Qugjuk means tundra swan in Inuktitut.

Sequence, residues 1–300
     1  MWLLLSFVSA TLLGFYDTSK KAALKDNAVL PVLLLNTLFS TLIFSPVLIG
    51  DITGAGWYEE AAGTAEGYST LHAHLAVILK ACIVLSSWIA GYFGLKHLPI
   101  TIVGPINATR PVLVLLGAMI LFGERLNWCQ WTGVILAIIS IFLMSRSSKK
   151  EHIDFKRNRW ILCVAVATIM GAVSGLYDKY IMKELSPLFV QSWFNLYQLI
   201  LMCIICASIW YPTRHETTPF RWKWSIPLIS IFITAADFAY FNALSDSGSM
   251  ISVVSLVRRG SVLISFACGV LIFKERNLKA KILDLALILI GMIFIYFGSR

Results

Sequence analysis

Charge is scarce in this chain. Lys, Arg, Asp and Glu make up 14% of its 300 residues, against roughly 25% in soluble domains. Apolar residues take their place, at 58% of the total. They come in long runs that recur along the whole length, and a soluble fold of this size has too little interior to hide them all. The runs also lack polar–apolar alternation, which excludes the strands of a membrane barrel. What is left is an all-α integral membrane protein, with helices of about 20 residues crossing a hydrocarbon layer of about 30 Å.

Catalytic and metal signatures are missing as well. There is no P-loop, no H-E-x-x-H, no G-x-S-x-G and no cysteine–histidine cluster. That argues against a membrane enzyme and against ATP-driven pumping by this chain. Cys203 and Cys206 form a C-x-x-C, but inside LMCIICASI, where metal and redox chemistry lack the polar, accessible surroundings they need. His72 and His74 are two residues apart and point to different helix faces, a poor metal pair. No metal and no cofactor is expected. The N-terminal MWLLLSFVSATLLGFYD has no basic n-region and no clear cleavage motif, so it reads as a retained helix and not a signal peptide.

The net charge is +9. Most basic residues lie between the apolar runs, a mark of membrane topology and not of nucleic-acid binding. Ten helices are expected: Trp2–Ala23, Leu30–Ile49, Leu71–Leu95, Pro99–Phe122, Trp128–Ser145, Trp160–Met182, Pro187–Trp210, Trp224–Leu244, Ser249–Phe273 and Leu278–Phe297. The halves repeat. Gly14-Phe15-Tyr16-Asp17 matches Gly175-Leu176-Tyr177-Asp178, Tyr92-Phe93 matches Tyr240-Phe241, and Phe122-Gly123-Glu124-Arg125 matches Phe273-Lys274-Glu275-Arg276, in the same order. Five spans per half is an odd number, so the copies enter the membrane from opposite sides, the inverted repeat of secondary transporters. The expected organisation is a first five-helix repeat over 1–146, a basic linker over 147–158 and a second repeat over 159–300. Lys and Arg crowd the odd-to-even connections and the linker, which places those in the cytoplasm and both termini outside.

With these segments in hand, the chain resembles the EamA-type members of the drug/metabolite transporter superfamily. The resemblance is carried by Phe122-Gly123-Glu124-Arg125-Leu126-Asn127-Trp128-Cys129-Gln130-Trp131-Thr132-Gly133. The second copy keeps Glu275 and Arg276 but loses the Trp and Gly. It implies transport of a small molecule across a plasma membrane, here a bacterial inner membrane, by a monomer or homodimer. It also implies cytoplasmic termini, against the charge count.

Tundra swans, like many other birds, summer in the Arctic. Unlike most though, they arrive before the snow melts, usually in late May. Once things finally do warm up in June and July, they lay and incubate their eggs, usually in a nest made of vegetation on an island in the middle of a pond or a small lake. As the short summer turns into fall, the swans molt their all-white feathers and fatten up, feeding on shallow-growing aquatic plants. Then, when the waters begin to freeze in late September or early October, they gather in flocks of 20 to 80 birds and fly south, just like Canada and snow geese, in a V, wintering along the Atlantic coast between Maryland and North Carolina.
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